Joseph R. Biden Jr. and the Democratic National Committee had, by far, their biggest fund-raising month of the campaign in May, pulling in $80.8 million as large and small donors alike consolidated behind the presumptive Democratic nominee ahead of his fall contest with President Trump.
Mr. Biden had struggled with fund-raising throughout much of the primary season, but the pace of giving has sharply increased in recent months.
“I’m in awe of this sum of money,” Mr. Biden wrote in a note to supporters, announcing the figures.
The May haul was more than 30 percent higher than the $60.5 million that Mr. Biden and the party had raised in April, when Mr. Trump and the Republican National Committee raised $61.7 million. Mr. Trump’s campaign has not released figures for May yet.
Notably, May was also the first full month that Mr. Biden had an agreement to raise money in tandem with the D.N.C. through what is known as the Biden Victory Fund, which allows a single donor to give more than $620,000. Mr. Trump has been raising money in such large chunks for many months.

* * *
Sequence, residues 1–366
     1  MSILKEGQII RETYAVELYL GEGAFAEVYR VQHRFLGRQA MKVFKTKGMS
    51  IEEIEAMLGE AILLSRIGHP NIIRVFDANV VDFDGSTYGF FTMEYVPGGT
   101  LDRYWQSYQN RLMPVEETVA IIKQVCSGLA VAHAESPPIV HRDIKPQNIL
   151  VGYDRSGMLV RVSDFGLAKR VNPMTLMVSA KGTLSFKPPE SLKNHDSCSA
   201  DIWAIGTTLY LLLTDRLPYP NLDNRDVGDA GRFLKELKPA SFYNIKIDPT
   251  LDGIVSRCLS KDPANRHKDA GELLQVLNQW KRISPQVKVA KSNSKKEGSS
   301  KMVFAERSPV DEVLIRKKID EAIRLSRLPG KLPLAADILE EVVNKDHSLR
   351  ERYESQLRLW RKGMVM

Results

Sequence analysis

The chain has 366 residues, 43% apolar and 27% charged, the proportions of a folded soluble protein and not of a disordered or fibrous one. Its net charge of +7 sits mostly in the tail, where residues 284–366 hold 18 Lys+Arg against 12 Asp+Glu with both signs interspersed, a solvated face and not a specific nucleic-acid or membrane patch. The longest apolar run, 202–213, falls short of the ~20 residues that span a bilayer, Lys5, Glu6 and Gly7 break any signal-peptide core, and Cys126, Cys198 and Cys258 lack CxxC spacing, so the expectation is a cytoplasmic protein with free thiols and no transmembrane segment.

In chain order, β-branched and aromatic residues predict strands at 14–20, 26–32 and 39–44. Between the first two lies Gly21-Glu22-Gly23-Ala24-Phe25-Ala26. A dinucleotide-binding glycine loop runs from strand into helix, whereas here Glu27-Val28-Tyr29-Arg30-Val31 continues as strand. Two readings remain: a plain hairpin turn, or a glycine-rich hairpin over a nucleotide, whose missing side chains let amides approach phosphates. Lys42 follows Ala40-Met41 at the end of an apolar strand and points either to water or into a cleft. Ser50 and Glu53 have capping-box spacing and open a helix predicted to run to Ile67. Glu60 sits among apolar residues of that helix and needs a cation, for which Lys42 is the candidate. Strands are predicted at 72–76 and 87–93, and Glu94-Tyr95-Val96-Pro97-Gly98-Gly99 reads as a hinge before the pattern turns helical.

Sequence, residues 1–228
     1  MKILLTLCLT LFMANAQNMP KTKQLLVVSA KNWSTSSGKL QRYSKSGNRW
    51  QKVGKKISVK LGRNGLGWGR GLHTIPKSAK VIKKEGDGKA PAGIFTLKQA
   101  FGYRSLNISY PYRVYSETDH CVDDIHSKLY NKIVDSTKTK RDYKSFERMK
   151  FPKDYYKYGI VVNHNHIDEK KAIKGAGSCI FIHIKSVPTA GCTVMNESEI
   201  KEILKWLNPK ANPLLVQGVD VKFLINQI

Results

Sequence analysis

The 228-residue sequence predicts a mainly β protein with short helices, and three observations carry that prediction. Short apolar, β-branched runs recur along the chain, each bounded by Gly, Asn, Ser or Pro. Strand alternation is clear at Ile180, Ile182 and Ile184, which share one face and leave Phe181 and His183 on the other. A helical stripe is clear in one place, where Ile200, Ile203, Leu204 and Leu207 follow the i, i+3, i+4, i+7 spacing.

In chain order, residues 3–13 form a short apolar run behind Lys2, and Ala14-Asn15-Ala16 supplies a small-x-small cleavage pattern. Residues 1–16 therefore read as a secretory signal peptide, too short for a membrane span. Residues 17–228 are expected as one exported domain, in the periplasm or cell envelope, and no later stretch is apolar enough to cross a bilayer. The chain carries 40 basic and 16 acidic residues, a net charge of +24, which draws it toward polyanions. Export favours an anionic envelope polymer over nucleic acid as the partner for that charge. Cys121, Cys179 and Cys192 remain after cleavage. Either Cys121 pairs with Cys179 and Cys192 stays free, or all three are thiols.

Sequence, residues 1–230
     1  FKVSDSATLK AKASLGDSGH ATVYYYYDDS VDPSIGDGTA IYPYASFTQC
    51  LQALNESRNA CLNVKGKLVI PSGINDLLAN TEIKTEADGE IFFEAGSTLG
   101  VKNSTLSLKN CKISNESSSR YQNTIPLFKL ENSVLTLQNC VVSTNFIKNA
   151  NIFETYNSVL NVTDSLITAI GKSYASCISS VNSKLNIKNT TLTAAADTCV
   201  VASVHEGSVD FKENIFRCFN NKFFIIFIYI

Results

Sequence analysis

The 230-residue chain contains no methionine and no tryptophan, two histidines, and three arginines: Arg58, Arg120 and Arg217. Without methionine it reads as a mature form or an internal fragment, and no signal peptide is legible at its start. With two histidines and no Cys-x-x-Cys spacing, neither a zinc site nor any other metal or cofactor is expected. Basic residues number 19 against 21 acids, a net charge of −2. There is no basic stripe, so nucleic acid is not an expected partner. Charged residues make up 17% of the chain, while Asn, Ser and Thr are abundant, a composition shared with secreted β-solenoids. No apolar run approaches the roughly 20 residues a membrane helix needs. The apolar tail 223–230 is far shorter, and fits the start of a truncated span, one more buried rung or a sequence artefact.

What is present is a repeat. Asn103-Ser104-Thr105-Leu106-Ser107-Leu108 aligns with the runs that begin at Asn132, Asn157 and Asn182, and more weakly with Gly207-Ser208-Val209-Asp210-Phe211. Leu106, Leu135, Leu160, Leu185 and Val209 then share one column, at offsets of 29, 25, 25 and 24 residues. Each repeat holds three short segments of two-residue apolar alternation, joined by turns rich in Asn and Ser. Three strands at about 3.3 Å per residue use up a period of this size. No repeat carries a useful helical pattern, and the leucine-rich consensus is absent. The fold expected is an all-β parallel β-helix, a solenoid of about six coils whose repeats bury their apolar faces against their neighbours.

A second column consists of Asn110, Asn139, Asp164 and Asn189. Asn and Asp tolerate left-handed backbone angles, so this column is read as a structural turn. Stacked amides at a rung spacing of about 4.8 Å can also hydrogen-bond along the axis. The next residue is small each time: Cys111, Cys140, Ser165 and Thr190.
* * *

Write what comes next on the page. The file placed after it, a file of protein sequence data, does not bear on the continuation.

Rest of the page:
Mr. Biden’s campaign sought to highlight the role of small contributors in its growing fund-raising operation, noting that the campaign had tripled its number of online donors since February, and that more than half of the contributors last month were new to the campaign.
Mr. Biden began May with a fund-raising event held by alumni of the Obama administration that raised $1 million, and followed that with a series of high-dollar virtual fund-raisers held via Zoom.
The hosts of fund-raisers last month included Hillary Clinton; Gov. Gavin Newsom of California; David Cohen, a senior executive at Comcast who also hosted Mr. Biden’s first event the day he announced his candidacy in 2019; Senator Cory Booker of New Jersey; and Pete Buttigieg, another former 2020 rival.
Two potential running mates for Mr. Biden also headlined events in May: Senator Tammy Duckworth of Illinois and Representative Val Demings of Florida, whose event was attended by Mr. Biden’s wife, Jill Biden.
This spring, the Biden campaign named Rufus Gifford, who served as finance director on President Barack Obama’s re-election campaign, as deputy campaign manager, a decision seen as elevating the role of the finance operation inside the campaign.